The buffer required in asynchronous communication can cause problems when it is full. A decision has to be made whether to block the sender or whether to discard future messages. A blocked sender may lead to deadlock. If messages are dropped, communication is no longer reliable.

HybridsEdit

Synchronous communication can be built on top of asynchronous communication by using a Synchronizer. For example, the α-Synchronizer works by ensuring that the sender always waits for an acknowledgement message from the receiver. The sender only sends the next message after the acknowledgement has been received. On the other hand, asynchronous communication can also be built on top of synchronous communication. For example, modern microkernels generally only provide a synchronous messaging primitive[citation needed] and asynchronous messaging can be implemented on top by using helper threads.

Distributed objectsEdit

Message-passing systems use either distributed or local objects. With distributed objects the sender and receiver may be on different computers, running different operating systems, using different programming languages, etc. In this case the bus layer takes care of details about converting data from one system to another, sending and receiving data across the network, etc. The Remote Procedure Call (RPC) protocol in Unix was an early example of this. Note that with this type of message passing it is not a requirement that sender nor receiver use object-oriented programming. Procedural language systems can be wrapped and treated as large grained objects capable of sending and receiving messages.[4]

Examples of systems that support distributed objects are: ONC RPC, CORBA, Java RMI, DCOM, SOAP, .NET Remoting, CTOS, QNX Neutrino RTOS, OpenBinder and D-Bus. Distributed object systems have been called "shared nothing" systems because the message passing abstraction hides underlying state changes that may be used in the implementation of sending messages.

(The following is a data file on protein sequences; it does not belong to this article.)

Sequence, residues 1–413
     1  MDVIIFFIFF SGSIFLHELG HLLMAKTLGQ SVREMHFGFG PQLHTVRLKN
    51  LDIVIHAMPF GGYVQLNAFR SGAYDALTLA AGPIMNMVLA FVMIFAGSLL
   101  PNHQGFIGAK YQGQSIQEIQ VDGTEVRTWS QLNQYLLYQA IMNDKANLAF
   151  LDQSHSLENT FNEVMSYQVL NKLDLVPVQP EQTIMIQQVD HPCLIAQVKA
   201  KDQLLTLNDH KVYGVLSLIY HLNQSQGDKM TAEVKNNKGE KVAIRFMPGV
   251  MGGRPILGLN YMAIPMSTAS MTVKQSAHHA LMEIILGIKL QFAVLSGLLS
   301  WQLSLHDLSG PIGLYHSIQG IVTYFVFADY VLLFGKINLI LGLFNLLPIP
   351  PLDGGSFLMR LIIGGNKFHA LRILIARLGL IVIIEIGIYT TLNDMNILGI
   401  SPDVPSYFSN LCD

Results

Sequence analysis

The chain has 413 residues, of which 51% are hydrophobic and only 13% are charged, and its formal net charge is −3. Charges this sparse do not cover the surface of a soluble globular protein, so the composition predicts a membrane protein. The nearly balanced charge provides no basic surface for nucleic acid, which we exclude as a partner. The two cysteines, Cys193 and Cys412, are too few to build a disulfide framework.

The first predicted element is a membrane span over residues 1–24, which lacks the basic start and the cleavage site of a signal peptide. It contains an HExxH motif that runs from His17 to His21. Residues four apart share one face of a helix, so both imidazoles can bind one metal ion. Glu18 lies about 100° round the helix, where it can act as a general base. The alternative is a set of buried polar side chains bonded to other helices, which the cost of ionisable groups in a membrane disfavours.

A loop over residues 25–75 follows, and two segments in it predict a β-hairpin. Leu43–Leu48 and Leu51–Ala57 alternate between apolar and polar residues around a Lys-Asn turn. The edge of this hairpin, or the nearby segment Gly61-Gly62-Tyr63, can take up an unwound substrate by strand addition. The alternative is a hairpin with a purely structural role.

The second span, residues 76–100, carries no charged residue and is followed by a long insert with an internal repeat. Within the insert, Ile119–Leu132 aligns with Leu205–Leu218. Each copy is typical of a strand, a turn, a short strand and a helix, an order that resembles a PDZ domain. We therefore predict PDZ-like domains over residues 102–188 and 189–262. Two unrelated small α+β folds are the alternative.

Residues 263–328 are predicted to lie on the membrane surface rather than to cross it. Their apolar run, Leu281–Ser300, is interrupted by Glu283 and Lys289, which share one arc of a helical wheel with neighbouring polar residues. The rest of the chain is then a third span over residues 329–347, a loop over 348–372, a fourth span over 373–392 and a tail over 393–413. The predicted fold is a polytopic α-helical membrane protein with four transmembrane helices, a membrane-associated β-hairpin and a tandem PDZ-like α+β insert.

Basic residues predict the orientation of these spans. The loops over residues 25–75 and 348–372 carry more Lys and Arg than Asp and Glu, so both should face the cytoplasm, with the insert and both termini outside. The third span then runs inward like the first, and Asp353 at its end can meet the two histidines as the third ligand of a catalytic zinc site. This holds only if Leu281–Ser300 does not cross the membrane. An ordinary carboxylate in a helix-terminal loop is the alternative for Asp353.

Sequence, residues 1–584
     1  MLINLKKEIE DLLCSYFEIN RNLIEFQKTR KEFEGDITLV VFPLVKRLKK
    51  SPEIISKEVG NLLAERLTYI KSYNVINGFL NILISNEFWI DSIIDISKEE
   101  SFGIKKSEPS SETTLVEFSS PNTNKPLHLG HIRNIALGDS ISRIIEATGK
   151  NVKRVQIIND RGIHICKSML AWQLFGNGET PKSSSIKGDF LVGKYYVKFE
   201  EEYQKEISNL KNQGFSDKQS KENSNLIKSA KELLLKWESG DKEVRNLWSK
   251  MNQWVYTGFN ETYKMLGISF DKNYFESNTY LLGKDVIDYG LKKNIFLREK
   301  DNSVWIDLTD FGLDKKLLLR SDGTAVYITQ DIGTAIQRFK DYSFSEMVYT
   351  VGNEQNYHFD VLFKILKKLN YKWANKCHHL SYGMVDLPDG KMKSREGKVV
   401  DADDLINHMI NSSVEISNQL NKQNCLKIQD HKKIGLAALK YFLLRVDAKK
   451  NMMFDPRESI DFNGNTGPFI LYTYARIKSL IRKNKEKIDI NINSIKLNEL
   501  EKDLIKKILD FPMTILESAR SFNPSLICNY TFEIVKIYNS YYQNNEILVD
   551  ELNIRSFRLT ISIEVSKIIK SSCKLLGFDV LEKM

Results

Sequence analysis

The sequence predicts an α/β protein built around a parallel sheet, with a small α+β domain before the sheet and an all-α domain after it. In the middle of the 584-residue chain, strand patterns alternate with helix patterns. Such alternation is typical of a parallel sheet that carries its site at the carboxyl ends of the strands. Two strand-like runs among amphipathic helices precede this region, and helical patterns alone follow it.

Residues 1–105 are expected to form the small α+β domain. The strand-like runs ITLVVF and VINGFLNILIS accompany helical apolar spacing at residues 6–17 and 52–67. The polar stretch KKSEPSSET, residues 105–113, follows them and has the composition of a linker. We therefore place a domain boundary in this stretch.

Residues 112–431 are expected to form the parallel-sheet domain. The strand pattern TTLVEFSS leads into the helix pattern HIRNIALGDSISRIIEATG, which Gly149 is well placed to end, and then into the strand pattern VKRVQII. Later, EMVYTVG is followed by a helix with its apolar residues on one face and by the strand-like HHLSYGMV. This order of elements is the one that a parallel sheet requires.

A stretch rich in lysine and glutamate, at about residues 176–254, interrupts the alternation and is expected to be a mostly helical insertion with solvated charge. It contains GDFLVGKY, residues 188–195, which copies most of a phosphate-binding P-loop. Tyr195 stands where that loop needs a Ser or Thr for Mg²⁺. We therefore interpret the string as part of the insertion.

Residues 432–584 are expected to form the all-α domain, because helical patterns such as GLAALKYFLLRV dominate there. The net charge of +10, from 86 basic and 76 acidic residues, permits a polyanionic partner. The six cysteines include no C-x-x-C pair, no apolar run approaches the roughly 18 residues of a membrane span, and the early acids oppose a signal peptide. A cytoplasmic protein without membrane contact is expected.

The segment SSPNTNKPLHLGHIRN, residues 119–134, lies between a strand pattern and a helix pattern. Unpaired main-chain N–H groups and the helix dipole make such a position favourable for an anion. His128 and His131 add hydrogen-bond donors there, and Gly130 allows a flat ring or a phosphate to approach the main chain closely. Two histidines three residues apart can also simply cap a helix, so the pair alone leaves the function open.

Message-passing versus callingEdit

Distributed, or asynchronous, message-passing has additional overhead compared to calling a procedure. In message-passing, arguments must be copied to the new message. Some arguments can contain megabytes of data, all of which must be copied and transmitted to the receiving object.

Traditional procedure calls differ from message-passing in terms of memory usage, transfer time and locality. Arguments are passed to the receiver typically by general purpose registers requiring no additional storage nor transfer time, or in a parameter list containing the arguments' addresses (a few bits). Address-passing is not possible for distributed systems since the systems use separate address spaces.

Web browsers and web servers are examples of processes that communicate by message-passing. A URL is an example of referencing a resource without exposing process internals.

A subroutine call or method invocation will not exit until the invoked computation has terminated. Asynchronous message-passing, by contrast, can result in a response arriving a significant time after the request message was sent.

A message-handler will, in general, process messages from more than one sender. This means its state can change for reasons unrelated to the behavior of a single sender or client process. This is in contrast to the typical behavior of an object upon which methods are being invoked: the latter is expected to remain in the same state between method invocations. In other words, the message-handler behaves analogously to a volatile object.

Mathematical modelsEdit

The prominent mathematical models of message passing are the Actor model and Pi calculus.[5][6] In mathematical terms a message is the single means to pass control to an object. If the object responds to the message, it has a method for that message.

Alan Kay has argued that message passing is more important than objects in OOP, and that objects themselves are often over-emphasized. The live distributed objects programming model builds upon this observation; it uses the concept of a distributed data flow to characterize the behavior of a complex distributed system in terms of message patterns, using high-level, functional-style specifications.[7]

ExamplesEdit

See alsoEdit

ReferencesEdit

  1. ^ Template:Cite mskbook
  2. ^ Orfali, Robert (1996). The Essential Client/Server Survival Guide. New York: Wiley Computer Publishing. pp. 1–22. ISBN 0-471-15325-7.
  3. ^ Orfali, Robert (1996). The Essential Client/Server Survival Guide. New York: Wiley Computer Publishing. pp. 95–133. ISBN 0-471-15325-7.
  4. ^ Orfali, Robert (1996). The Essential Client/Server Survival Guide. New York: Wiley Computer Publishing. pp. 375–397. ISBN 0-471-15325-7.
  5. ^ Milner, Robin (Jan 1993). "Elements of interaction: Turing award lecture". Communications of the ACM. 36 (1). doi:10.1145/151233.151240.
  6. ^ Carl Hewitt; Peter Bishop; Richard Steiger (1973). "A Universal Modular Actor Formalism for Artificial Intelligence". IJCAI. Cite journal requires |journal= (help)
  7. ^ Kay, Alan. "prototypes vs classes was: Re: Sun's HotSpot". lists.squeakfoundation.org. Retrieved 2 January 2014.

Further readingEdit